First, what DC Comics Presents: Legion #2 does offer us. In The Choice, Saturn Girl and husband Lighting Lad (Imra and Garth Ranzz) have been apart while Garth searches for a sibling he never knew. There's no talk of this in Legion of Three Worlds, for instance, but in The Choice Garth has been gone for a while. "Long Live" covers this; there's no great revelations in Garth's chapter of "Long Live," but if you want the sequence of events laid out, the impetus for Garth's search is shown here.
Levitz ignores, however, or at least does not address in Choice, two other parts of the four-part "Long Live the Legion." In the third chapter, Polar Boy and Sun Boy team up to catch a criminal on Polar Boy's home planet; that criminal not only turns over an artifact from the twenty-first century past, but also hints at a Legion of Super-Villains espionage team in the twenty-first century. An interesting possibility, but nothing that alters the characters necessarily, so we'll give Levitz a pass on the fact that he never mentions this one.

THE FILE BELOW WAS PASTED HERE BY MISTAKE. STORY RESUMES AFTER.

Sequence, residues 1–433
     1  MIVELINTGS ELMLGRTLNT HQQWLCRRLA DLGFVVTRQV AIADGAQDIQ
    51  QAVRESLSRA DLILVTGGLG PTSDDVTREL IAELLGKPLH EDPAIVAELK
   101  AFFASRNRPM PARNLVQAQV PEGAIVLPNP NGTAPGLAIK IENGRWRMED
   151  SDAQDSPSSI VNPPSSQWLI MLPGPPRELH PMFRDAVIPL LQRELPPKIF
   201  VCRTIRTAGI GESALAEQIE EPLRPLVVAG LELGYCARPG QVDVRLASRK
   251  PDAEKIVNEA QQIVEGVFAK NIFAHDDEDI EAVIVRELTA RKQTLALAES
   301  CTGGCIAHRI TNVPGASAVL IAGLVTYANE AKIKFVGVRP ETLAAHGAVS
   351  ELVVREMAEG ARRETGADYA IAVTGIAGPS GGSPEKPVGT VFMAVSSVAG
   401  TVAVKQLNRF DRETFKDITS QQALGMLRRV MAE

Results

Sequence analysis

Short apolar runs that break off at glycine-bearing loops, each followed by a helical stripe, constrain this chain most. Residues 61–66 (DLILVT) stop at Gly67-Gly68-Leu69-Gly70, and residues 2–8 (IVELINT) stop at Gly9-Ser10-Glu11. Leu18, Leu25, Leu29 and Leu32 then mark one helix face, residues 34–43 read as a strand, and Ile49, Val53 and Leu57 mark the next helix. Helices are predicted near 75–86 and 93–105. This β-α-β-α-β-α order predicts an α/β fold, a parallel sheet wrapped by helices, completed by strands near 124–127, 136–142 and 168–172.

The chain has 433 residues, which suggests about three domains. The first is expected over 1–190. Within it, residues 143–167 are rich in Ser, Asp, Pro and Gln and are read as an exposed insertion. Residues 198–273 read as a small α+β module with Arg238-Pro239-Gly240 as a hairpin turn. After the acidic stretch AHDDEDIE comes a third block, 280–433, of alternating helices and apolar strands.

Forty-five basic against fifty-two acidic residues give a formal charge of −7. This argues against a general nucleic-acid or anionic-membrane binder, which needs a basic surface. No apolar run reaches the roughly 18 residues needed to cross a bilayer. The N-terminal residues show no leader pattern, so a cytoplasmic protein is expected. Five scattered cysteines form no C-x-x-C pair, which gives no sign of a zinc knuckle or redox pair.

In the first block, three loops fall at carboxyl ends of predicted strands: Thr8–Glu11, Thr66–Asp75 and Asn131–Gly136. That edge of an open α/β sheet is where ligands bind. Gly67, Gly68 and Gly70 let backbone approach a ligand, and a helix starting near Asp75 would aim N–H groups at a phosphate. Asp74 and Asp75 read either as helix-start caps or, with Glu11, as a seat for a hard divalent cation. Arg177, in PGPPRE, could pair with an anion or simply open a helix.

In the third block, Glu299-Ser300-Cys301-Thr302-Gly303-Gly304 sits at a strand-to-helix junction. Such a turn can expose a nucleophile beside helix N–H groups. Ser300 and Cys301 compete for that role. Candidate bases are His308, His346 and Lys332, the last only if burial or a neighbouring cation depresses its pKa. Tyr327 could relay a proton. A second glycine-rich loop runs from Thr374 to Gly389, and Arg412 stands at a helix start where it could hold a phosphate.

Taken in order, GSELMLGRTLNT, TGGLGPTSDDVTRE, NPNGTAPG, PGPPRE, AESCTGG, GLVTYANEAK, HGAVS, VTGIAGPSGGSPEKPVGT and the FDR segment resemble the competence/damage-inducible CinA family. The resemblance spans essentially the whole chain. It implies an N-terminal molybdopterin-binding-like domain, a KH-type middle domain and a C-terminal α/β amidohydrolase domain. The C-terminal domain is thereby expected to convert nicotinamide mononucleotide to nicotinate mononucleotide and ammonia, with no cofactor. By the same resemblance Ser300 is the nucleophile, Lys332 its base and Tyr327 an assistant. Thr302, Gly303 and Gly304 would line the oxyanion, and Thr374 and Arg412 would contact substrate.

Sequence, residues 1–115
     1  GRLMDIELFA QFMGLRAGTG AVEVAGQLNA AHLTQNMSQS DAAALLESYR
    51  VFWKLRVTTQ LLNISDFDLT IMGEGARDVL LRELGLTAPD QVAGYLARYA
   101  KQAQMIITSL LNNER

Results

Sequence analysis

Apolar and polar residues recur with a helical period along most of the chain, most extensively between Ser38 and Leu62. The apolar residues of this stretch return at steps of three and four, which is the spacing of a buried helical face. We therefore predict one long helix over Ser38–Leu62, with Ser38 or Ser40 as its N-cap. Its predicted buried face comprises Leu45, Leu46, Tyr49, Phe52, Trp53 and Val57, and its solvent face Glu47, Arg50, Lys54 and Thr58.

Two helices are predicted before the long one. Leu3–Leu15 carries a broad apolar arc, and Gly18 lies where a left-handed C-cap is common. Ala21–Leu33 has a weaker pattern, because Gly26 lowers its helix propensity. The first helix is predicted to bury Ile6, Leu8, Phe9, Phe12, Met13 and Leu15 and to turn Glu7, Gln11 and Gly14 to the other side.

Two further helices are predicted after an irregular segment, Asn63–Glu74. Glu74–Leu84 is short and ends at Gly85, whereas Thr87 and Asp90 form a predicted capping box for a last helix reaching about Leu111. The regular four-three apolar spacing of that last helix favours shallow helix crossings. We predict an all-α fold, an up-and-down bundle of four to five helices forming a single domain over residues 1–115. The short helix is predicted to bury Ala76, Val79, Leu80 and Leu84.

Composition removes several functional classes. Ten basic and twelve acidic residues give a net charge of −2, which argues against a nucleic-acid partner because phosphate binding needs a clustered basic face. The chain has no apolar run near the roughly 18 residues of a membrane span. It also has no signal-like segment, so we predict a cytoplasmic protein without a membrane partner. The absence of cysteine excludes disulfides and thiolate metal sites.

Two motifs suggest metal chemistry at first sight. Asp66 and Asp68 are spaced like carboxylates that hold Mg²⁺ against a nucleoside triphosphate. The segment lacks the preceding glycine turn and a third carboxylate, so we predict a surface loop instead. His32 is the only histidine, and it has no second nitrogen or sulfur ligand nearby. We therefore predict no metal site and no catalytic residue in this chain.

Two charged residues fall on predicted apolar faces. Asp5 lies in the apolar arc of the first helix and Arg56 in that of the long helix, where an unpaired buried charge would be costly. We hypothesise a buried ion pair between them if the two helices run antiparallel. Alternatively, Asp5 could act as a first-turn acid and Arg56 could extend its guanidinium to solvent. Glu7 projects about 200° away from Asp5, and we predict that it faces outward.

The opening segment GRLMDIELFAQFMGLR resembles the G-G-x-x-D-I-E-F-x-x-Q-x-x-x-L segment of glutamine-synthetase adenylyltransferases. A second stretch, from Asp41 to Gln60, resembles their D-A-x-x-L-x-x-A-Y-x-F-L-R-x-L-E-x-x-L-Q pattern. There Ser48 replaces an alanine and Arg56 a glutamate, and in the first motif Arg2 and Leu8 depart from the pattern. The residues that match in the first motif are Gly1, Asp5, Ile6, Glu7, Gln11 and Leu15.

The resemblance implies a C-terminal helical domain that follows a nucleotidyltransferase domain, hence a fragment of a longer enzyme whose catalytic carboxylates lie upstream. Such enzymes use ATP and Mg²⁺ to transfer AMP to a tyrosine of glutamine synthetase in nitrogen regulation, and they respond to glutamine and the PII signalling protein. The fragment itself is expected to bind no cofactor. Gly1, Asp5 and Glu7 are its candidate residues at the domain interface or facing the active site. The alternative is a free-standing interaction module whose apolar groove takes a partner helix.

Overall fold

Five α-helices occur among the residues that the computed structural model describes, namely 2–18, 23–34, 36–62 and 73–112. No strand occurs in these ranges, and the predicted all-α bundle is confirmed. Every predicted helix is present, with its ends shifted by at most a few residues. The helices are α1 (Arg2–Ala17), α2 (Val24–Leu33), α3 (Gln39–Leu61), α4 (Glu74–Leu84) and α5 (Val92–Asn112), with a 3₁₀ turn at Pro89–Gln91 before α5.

The first chapter of "Long Live the Legion," however, watches the crazed Starman Thom Kallor bounce around a bit in the twenty-first century (before returning to his own time after Last Stand of New Krypton) until he meets fellow Legionnaire Tellus and, in the final panels, begs for help locating the lost Dream Girl. Well, the reader will find her ... in the second chapter of Choice, on her home planet of Naltor, not time-lost nor kidnapped as "Long Live the Legion" suggested.